TitleImproving health-promoting effects and stability of food ingredients using nanoencapsulation
NameWang, Yuwen (author), HUANG, QINGRONG (chair), Lee, Tung-Ching (internal member), HO, CHI-TANG (internal member), HUANG, MOU-TUAN (outside member), Rutgers University, Graduate School - New Brunswick,
DescriptionThe stability and bioavailability of food ingredients and foods fortified with functional ingredients has long been an issue. In this thesis, nanoemulsion-based delivery systems were used to improve health-promoting effects and stability of food ingredients. First, nanoemulsions, including solid lipid nanoemulsions, stabilized by Tween 20 and glycerol monooleate, lecithin, or modified starch were developed. The average particle size of nanoemulsions with sufficient emulsifiers (Tween 20 and glycerol monooleate) and energy input can reach 60.5 nm. The nanoemulsion system has been further proved to improve bioavailability of dibenzoylmethane by 2.95-fold, compared to that of conventional emulsions. Curcumin, a polyphenol compound extracted from turmeric powders, possesses a variety of health-promoting effects but has extremely low bioavailability, mainly due to limited solubility. A dry curcumin emulsion system was developed combining solvent displacement, emulsification, and freeze-drying technology. Two ug/ml of encapsulated curcumin decreased viability of HepG2 cells to 52% (100% by DMSO-dissolved curcumin); 13.69 mg/ml of encapsulated curcumin inhibited 71% of TPA-induced inflammation of mice ears (none by DMSO-dissolved curcumin). HPLC showed that the encapsulated curcumin was stable for at least two months. FTIR and DSC studies suggested that lower crystallinity of encapsulated curcumin contributed to the enhanced activities of encapsulated curcumin. Stability is another issue to be addressed. Citral, derived from citrus fruits, is one of the most important flavor ingredients in the food industry, but it is very susceptible to oxidation and off-flavor generation at acidic environment, in which citral is most often used. The modified-starch-based solid lipid nanoemulsion system was used to stabilize citral. For comparison, two emulsions stabilized either by Tween 20/glycerol monooleate or modified starch were also used to encapsulate citral. The results showed that the citral stability was best retained if encapsulated in solid lipid nanoemulsions, and the off-flavor generation was best inhibited by using thick emulsifiers such as modified starch. In the thesis, it was proved that the nanoemulsion and its variations improve the health-promoting effects of insoluble nutraceuticals and the stability of delicate food ingredients.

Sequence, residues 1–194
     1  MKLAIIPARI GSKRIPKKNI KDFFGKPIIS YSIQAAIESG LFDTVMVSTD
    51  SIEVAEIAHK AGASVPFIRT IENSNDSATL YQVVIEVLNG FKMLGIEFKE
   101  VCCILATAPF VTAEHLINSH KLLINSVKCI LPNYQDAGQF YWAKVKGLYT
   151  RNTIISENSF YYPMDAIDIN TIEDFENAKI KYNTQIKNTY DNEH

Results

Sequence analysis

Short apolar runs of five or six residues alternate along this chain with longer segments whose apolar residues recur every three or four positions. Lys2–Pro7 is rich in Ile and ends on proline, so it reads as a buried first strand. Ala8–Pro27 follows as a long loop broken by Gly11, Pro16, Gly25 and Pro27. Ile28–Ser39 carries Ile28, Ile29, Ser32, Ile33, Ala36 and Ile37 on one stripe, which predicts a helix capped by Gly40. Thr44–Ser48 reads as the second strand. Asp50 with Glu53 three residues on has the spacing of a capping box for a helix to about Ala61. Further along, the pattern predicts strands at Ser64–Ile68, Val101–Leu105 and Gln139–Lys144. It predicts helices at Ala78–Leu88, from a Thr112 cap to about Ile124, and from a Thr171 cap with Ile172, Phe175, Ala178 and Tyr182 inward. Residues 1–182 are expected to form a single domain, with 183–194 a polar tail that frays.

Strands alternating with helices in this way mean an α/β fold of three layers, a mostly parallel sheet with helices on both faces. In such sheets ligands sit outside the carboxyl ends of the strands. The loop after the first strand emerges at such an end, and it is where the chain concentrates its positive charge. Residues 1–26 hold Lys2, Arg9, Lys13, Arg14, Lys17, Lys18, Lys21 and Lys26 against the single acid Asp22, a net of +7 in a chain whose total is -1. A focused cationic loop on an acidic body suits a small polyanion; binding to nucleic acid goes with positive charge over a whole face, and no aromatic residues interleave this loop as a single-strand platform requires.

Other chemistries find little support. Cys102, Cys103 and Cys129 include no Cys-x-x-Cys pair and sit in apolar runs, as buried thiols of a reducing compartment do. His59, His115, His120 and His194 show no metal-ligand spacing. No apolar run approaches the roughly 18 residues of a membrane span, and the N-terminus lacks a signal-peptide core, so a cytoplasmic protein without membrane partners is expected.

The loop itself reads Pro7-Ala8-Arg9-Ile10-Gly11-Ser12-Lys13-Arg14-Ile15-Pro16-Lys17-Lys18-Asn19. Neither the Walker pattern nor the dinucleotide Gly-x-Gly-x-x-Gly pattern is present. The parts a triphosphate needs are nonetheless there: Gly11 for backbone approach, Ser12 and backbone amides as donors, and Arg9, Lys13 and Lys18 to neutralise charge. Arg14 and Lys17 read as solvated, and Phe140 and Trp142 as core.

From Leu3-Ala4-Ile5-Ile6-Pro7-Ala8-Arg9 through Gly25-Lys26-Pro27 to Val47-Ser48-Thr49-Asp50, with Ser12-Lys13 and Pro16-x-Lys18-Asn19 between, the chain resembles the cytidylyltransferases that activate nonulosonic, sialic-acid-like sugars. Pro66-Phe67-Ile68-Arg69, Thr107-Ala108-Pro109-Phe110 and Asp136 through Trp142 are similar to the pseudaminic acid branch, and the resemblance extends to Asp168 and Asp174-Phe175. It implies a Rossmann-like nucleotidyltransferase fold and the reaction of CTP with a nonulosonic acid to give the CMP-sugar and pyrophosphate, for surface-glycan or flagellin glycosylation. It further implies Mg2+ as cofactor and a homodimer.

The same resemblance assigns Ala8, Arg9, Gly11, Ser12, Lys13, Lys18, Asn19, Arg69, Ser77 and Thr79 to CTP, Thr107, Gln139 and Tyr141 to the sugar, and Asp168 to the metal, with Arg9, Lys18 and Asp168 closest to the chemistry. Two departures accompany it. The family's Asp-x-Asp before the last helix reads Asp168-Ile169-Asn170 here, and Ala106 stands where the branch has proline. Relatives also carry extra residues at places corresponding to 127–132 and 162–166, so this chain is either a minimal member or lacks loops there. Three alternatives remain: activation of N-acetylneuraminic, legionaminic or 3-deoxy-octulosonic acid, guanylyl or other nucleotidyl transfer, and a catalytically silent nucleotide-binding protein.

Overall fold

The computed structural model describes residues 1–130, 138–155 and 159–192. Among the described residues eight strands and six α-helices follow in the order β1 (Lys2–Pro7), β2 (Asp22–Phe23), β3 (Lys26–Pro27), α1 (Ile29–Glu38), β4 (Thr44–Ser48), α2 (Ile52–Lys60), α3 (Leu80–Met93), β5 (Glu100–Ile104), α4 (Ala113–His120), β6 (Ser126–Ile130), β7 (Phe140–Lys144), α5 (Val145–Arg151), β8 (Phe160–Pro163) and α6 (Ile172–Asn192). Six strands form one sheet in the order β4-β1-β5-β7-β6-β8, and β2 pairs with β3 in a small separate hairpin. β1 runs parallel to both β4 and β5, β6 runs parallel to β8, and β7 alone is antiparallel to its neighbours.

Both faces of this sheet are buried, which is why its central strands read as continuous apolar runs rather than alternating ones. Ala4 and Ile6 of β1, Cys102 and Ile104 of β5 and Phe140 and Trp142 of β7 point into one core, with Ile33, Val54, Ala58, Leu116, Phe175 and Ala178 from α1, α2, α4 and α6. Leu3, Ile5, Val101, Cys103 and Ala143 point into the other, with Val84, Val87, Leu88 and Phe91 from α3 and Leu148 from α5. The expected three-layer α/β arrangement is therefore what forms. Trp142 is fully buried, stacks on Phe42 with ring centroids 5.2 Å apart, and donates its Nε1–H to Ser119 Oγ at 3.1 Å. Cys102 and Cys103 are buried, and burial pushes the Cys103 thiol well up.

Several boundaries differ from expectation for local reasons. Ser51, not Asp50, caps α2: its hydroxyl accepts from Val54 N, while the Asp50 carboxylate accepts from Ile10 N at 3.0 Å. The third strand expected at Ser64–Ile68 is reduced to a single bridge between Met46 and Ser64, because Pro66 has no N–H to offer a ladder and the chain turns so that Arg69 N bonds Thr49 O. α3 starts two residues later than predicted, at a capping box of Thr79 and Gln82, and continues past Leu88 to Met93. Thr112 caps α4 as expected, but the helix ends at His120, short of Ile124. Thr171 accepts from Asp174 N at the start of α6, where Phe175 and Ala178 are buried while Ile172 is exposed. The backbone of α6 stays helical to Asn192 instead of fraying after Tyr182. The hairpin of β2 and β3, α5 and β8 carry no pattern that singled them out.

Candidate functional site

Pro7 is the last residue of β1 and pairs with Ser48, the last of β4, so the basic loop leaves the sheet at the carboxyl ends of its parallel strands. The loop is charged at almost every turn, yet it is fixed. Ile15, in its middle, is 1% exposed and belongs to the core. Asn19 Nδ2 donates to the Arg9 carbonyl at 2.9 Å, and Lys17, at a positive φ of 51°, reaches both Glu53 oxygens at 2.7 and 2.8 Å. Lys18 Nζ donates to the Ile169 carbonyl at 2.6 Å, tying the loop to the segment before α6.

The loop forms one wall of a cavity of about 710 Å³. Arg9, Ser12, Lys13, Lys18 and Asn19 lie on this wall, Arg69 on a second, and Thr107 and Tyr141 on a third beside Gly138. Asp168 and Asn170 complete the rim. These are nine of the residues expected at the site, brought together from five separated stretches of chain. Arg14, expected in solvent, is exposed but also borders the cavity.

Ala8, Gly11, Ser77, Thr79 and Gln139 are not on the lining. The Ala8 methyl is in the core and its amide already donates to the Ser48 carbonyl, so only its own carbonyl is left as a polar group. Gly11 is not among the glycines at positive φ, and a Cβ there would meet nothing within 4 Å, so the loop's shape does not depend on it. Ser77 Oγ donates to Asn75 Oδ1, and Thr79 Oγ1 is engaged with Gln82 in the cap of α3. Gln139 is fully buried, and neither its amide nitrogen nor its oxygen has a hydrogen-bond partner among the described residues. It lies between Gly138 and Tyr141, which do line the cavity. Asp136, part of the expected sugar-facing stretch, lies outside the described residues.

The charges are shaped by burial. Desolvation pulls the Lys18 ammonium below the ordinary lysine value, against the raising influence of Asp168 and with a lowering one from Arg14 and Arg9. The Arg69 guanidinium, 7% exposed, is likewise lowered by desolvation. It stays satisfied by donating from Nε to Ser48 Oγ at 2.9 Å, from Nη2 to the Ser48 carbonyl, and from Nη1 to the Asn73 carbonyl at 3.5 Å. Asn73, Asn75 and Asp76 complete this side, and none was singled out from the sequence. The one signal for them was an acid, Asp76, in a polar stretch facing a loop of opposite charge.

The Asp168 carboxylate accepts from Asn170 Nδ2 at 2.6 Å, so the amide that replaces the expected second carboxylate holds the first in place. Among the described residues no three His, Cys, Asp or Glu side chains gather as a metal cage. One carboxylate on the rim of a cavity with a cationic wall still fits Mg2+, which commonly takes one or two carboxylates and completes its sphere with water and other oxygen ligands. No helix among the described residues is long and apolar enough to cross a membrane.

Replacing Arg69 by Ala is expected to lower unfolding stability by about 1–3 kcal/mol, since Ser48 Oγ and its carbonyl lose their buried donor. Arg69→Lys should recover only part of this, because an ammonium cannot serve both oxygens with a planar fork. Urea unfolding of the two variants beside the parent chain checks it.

NoteIncludes bibliographical references
Noteby Yuwen Wang
CollectionGraduate School - New Brunswick Electronic Theses and Dissertations
Organization NameRutgers, The State University of New Jersey
RightsThe author owns the copyright to this work.